Weight Loss…Weight Gain…Weight Loss…Weight Gain…

She wanted to lose some weight.

And for 12 long months:

  • she busted her butt at the gym
  • replaced the junk in her diet with fruit & vegetables
  • she even gave up drinking soda

The result: 12 months later, she was healthier than ever and weighed 35 lbs less.

yay.

.

Unfortunately, about a month ago, her cravings for sugar went completely out of control.

And her willpower was no match for her desire for ice cream, sugar, chocolate, etc…

boo.

.

It’s a common story.

Someone works hard to lose a ton of weight, but as soon as they let down their guard for one second…BOOM!!!…here come the cravings for junk and here comes the weight regain.

.

What to do, what to do???

.

Here’s my advice:

First off, don’t worry about the short term. Losing your focus for a month is not a big problem considering how successful you have been for the 12 months proceeding.

Weight loss isn’t going to happen in a straight line – there are going to be ups and downs. I bet that the 35 lbs lost during the 12 months didn’t happen as a consistent 3 lbs per month.

With that being said, we should nip this 5 lb gain in the bud before it becomes 10 lbs over 2 months.

.

Why a sugar binge?

.

Possible factors include:

.

  1. emotions – we use sugar to raise pleasure hormones/chemicals during times of stress/sadness/etc.
  2. eating sugar increases your appetite for more sugar. Sad but true. The spike in insulin sets off a whole bunch of other reactions in your body/brain that set off intense cravings for more & more sugar
  3. Lifestyle – consider the previous weight loss, I could assume that you have changed your lifestyle in a way that makes healthy eating more convenient, but I don’t like to assume

.

What to do about it?

.

  1. Regarding the emotions – the best techniques I know of for learning to tame/control our thoughts and emotions is mindfulness. Whether you take the Buddhist approach or the psychiatrist/scientific approach, mindfullness training is a powerful practice that allows you to rein in formerly untamed thoughts & emotions. It’s not an easy thing to learn for most people, but the effect is powerful and goes far beyond controlling disordered eating practices.
  2. Cognitive Behavior Therapy is another way to go.
  3. You need to tighten up your diet. Stop buying those carb dense foods that you mentioned – cereal, ice cream, chocolate. At least for a little while. If they’re not in the house, you can’t eat them. Come up with a meal plan for the week. Prepare meals and/or ingredients ahead of time to make healthy eating more convenient. I am also a big fan of using a diet/meal compliance chart.
  4. Look for trends in your day to day life that has influenced your recent run of bad eating. Haswork been extra stressful. Have other people been influencing your food choices. Put on your detective hat and start looking for connections. If and when you start to see any trends, look for causes (to avoid this happening again) and for ways to eliminate those problems.

.

Okay, that’s enough for now.Hopefully, I didn’t overload you with too much information.

Feel free to email me anytime with your questions.

.

Doug

19 comments

  1. I’m a whole foods eater 90% of my weekly food intake, I allow myself those few snacks that aren’t typically the best choice but again nothing terrible, I have noticed that usually 2 weeks prior to my menstrual cycle that all my good habits go out the window, despite the fact that I am excellent at eating healthfully when not 10-14 days out from my period. I really think that more studies need to be done for our sake, to develop supplements for women that are whole and safe, effective that we can take that will help with our hormonal swings, I’m not a binge eater until prior to my cycle and I think that it affects more woman than will admit. I just recently started taking extra calcium, magnesium, a small amount of B6 and evening primrose oil, because these things have been touted to help and I refuse to take BCP’s and antianxiety/depressants to treat something I’m going to be ailed with my whole reproductive aged life because of the long term effects they have. Not only does my eating become affected, but I’m a marathon runner and very high energy, but there are days during this time that I have to force myself to do anything at all, even just walking to go grocery shopping. But I totally agree, cognitive behavior regulation is key for not letting the swings get totally out of control, raising toddlers eliminating stress is almost impossible hahah.. But I really enjoyed the read and think these things are great common sense goals to achieve prior to a weight loss program itself so all that hardwork and dedication doesn’t go to waste with rebounds. Thanks!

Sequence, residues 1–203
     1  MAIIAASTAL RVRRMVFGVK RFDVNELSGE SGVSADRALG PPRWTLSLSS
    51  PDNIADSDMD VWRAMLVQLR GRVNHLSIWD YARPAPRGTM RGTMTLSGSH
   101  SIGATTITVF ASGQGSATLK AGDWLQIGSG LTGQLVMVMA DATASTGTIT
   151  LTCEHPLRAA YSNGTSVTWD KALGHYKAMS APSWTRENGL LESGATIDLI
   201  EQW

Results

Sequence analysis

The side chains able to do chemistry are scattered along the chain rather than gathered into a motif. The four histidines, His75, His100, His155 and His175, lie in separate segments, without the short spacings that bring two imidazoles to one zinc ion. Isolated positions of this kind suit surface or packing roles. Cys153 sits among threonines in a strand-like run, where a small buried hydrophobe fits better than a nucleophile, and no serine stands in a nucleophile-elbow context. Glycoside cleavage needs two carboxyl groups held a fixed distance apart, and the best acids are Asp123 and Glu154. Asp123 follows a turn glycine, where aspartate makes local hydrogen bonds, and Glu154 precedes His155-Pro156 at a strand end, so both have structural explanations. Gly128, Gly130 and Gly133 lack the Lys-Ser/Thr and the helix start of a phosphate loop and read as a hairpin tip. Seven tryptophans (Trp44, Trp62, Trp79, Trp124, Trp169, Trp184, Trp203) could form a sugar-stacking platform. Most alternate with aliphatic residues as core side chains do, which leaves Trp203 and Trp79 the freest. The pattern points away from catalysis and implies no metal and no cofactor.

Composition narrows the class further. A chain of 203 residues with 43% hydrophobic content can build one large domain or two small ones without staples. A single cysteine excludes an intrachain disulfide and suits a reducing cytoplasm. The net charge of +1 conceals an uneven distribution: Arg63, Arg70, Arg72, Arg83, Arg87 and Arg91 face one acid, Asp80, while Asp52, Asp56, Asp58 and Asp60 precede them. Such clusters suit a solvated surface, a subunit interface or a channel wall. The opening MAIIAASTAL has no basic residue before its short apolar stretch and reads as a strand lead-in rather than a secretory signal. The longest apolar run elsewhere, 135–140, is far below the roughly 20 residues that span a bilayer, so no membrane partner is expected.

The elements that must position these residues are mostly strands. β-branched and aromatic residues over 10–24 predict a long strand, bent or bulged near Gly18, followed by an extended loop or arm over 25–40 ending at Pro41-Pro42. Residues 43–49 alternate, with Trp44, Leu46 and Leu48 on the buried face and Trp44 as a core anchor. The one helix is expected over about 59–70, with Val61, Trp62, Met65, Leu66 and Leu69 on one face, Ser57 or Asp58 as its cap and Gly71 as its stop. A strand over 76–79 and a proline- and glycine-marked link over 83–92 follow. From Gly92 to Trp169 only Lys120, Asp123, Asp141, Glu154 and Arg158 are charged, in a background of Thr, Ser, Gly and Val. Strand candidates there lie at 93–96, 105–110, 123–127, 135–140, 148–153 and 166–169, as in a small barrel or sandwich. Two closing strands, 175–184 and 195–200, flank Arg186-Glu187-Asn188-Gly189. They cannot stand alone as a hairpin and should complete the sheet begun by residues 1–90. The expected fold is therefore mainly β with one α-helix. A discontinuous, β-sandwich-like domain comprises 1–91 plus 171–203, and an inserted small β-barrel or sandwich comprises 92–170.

2. Thanks for the comment Ebby

    Your story is exactly why my female clients find it easier to understand the powerful effects that hormones can play on our bodies. Most guys just don’t get it.

    All of my advice about insulin being the major hormonal driver of obesity doesn’t take into account all of the hormonal and affiliated effects of a woman’s menstrual cycle.

    And yes, there should be more research ( here’s one study ) which claims a connection between menses driven overeating and serotonin levels.

    If (and that’s a big “if”) that is your issue, you could look into the supplement rhodiola rosea

    Rhodiola is included among a class of plant derivatives called adaptogens which differ from chemical stimulants, such as nicotine, and do not have the same physiological effects.

    Rhodiola rosea may be effective for improving mood and alleviating depression. Pilot studies on human subjects showed that it improves physical and mental performance, and may reduce fatigue.

    Rhodiola rosea’s effects potentially are related to optimizing serotonin and dopamine levels due to monoamine oxidase inhibition and its influence on opioid peptides such as beta-endorphins, although these specific neurochemical mechanisms have not been clearly documented with scientific studies.

    I have taken rhodiola sold by new chapter when things get stressful. For me, it just makes things that would stress you out seem manageable.

    Do a little research – you might find that it’s worth a shot.

  3. […] there’s the post from one of my favourite health blogs, Health Habits about Yo-Yo Dieting. I love Doug’s […]

  4. i’m 17 & weight about 72 &5.3 in hight i just want 2 reduce as sooon as possible so what 2 do & i’m female.

  5. As a result of investing many hours on the net at last I’ve found somebody that really does understand they’re preaching about thanks a whole lot wonderful post.

  6. Great post, Doug. My personal favorite techniques for avoiding junk food throughout the day are to: